Of course, this is not a causal analysis, and there are many variables that we are not controlling for. One of the major issues is that we are using school-level class sizes and growth scores. If the data were available, analyzing at a classroom level might be better- but would also lead to super small sample sizes which raises other concerns. On the plus side-  we do know that academic growth isn’t correlated with the typical confounding variables like %FRL and school size.

After the research done in our past three blogs, we now know that larger class sizes are associated with increased teacher salaries, and don’t seem to be meaningfully impacting student growth, so school districts should carefully consider staffing patterns.

So what IS associated with increased student achievement?  You know what we think- high quality instruction all day, every day.

 


Regression Details

Elementary:

2016-17:  School average class size significantly predicted school-level academic growth even after controlling for school % FRL, b = .25, t(518) = 4.75, p < .001.  Average class size explained a significant proportion of variance in depression scores, R2 = .12,  F(2, 518) = 63.24, ( p < .001).

2017-18:  School average class size significantly predicted school-level academic growth even after controlling for school % FRL, b = .22, t(518) = 3.77, p < .001.  Average class size explained a significant proportion of variance in depression scores, R2 = .09,  F(2, 518) = 27.83, ( p < .001).

Change: Change in School average class size from 2016-17 to 2017-18 significantly predicted the change in school-level academic growth even after controlling for school % FRL, b = -.30, t(518) = -4.15, p < .001.  Average class size explained a significant proportion of variance in depression scores, R2 = .03,  F(2, 518) = 8.63, ( p < .001).

Middle:

2016-17: School average class size did not significantly predict school-level academic growth.

2017-18:  School average class size did not significantly predict school-level academic growth.

Change: Change in School average class size from 2016-17 to 2017-18 significantly predicted the change in school-level academic growth even after controlling for school % FRL, b = -.18, t(196) = -2.40, p < .05.  Average class size explained a significant proportion of variance in depression scores, R2 = .03,  F(2, 196) = 3.52, ( p < .05).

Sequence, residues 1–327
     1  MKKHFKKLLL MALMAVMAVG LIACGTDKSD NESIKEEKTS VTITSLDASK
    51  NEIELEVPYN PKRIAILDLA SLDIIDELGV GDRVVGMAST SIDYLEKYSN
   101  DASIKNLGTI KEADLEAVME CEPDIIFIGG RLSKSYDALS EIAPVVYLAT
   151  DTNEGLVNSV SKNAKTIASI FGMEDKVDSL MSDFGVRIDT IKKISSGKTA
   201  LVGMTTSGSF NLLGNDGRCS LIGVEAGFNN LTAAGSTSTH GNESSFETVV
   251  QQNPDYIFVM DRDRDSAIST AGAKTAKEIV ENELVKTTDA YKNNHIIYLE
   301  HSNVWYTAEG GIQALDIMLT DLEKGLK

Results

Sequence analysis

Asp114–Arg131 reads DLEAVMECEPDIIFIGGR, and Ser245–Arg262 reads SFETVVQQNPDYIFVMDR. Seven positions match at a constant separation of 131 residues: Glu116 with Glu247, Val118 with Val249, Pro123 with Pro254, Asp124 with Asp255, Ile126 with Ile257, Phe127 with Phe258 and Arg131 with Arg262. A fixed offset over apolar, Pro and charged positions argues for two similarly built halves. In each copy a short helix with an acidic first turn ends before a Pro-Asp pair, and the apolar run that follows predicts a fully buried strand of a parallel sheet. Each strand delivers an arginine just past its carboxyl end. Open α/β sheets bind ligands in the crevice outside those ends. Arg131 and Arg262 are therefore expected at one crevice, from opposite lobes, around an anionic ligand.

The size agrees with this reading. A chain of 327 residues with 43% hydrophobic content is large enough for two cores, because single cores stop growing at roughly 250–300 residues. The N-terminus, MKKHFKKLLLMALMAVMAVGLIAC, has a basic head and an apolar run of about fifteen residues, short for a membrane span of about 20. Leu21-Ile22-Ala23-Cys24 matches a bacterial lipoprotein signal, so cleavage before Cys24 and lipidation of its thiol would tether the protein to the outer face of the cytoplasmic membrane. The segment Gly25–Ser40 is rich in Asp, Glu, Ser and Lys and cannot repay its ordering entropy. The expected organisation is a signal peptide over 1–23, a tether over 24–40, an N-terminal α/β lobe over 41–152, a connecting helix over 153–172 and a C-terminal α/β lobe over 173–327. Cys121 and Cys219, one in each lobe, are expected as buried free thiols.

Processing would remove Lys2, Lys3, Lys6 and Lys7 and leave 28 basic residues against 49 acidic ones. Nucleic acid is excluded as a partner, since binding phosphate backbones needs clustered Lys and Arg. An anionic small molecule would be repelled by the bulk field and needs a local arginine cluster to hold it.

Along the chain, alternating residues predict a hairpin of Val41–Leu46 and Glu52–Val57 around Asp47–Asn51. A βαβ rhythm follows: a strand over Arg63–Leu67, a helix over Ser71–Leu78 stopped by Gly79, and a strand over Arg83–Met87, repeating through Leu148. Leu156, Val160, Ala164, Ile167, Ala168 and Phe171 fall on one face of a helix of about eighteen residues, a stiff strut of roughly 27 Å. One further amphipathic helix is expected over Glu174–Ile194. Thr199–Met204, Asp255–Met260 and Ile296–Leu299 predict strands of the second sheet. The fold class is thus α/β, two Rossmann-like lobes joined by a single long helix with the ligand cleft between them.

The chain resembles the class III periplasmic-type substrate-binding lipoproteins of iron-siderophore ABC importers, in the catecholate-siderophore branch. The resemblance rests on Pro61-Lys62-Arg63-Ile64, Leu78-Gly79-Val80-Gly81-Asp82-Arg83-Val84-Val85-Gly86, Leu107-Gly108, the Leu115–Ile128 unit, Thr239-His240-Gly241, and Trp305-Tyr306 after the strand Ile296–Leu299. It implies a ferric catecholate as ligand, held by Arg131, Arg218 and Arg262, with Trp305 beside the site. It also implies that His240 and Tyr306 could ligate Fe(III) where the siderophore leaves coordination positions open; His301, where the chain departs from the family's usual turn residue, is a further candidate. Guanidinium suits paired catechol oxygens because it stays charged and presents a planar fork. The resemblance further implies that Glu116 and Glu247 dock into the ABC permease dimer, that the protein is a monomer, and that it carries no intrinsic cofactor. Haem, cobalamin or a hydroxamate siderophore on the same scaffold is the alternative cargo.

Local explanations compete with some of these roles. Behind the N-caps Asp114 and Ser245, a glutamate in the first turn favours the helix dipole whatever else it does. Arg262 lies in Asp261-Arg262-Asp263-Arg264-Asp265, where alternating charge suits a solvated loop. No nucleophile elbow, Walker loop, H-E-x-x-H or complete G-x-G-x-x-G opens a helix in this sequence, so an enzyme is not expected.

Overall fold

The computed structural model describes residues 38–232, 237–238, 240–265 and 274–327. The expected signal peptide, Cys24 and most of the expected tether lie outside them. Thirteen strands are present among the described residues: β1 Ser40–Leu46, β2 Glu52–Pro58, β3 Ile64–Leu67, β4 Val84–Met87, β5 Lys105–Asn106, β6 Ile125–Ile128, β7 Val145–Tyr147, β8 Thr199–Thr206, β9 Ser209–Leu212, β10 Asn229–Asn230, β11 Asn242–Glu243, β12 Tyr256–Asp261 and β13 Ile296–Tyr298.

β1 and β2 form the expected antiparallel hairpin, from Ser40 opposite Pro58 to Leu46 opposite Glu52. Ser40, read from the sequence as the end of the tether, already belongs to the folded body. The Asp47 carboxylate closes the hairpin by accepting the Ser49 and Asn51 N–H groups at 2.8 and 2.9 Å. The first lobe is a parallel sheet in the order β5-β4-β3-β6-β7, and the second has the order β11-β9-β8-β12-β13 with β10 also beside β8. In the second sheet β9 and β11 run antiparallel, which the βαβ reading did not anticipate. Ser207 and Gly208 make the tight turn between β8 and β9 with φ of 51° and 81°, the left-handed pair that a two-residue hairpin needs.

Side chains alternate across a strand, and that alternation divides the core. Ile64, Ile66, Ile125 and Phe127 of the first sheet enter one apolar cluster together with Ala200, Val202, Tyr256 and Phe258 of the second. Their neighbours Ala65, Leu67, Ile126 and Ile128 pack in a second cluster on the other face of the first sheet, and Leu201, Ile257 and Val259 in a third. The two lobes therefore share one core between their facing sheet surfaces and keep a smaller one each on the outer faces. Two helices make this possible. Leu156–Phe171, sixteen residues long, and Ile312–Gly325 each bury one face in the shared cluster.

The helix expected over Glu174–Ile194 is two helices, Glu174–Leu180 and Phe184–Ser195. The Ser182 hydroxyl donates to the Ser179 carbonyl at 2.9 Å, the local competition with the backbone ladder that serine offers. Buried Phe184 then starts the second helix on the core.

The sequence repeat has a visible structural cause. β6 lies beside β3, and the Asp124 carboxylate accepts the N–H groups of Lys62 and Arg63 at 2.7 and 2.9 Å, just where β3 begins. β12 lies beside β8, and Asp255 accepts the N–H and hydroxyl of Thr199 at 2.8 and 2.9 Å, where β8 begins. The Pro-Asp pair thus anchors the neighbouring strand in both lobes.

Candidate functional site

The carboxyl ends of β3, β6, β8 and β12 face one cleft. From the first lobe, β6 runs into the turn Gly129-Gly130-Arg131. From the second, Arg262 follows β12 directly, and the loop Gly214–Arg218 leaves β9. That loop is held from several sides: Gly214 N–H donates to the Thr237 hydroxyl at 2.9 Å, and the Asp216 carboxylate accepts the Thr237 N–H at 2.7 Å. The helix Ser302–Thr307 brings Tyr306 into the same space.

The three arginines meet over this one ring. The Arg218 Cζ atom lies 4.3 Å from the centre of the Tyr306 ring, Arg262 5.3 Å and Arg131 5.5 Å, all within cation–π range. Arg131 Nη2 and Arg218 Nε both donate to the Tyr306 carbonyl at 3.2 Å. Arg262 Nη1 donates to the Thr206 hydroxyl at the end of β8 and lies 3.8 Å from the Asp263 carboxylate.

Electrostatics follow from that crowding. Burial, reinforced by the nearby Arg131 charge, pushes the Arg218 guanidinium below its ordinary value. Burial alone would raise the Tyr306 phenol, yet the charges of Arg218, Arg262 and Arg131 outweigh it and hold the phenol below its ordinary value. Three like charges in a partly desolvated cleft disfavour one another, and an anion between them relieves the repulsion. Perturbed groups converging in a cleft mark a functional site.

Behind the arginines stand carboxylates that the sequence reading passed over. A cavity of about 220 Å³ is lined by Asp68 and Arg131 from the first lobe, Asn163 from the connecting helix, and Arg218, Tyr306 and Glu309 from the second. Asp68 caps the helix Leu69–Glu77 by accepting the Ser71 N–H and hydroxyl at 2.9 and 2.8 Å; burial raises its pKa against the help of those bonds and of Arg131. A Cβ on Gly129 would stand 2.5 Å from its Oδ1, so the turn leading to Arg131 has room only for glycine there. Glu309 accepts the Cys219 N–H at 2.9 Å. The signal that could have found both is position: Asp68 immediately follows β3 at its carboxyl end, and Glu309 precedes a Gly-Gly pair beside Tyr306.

High:

2016-17:  School average class size did not significantly predict school-level academic growth.

2017-18:  School average class size did not significantly predict school-level academic growth.

Change: Change in School average class size from 2016-17 to 2017-18 significantly predicted the change in school-level academic growth even after controlling for school % FRL, b = -.19, t(292) = -2.29, p < .05.  Average class size explained a significant proportion of variance in depression scores, R2 = .02,  F(2, 292) = 3.242, ( p < .05).

Class Size and Teacher Salaries

In The View from the OEP on January 23, 2019 at 2:03 pm

Class size has been in the news a lot this week as teachers striking in LA Unified identified reducing class sizes and raising salaries as two of the main issues. This got us wondering- how large ARE the classes in LAUSD, and how do they compare to class sizes in Arkansas?

In LAUSD, the average class size was 25.3, and minimum teacher salary is $50,368.  

In Arkansas, the average class size was 15.6, and minimum teacher salary is $31,800.

If we think about this on a per-student level, on average, a new teacher with a BA in LA would get $1,991 per student, while a beginning teacher with a BA in Arkansas would get $2,038.  And that’s not adjusting for the cost of living difference between here and there!

There’s BIG differences in per-student teacher salaries throughout Arkansas, with Nemo Vista being the highest paying district in Arkansas, on a per-student level. A new teacher in Nemo Vista makes $31,980 (only $180 more than the legal minimum) but the average class size is 8 students, meaning that the teacher is paid (in theory) nearly $4,000 per kid!

It’s so confusing! We want smaller classes AND higher salaries for teachers. Last week, we discussed teacher salaries around the state and how the proposed increase in minimum teacher salaries would affect teachers (relatively few) and students (probably won’t). This week, we have a new data visualization presenting minimum teacher salaries in each district throughout the state.

You can interact with the map by selecting specific districts or using the sliders to limit to ranges of minimum teacher salary, average class sizes, or % FRL. Additional information regarding each district’s academic achievement and growth percentile, average and maximum teacher salaries, as well as per pupil expenditure is included. If you just want the data- you can grab it at our website here.

salary viz

 

Last week we brought up how teacher salary is related to average class size, so here’s a simple visual of average class size and minimum teacher salary for districts in the state. In Arkansas, higher paying districts have larger class sizes.

Figure 1. Average class size and minimum teacher salary, by district.

cs and salary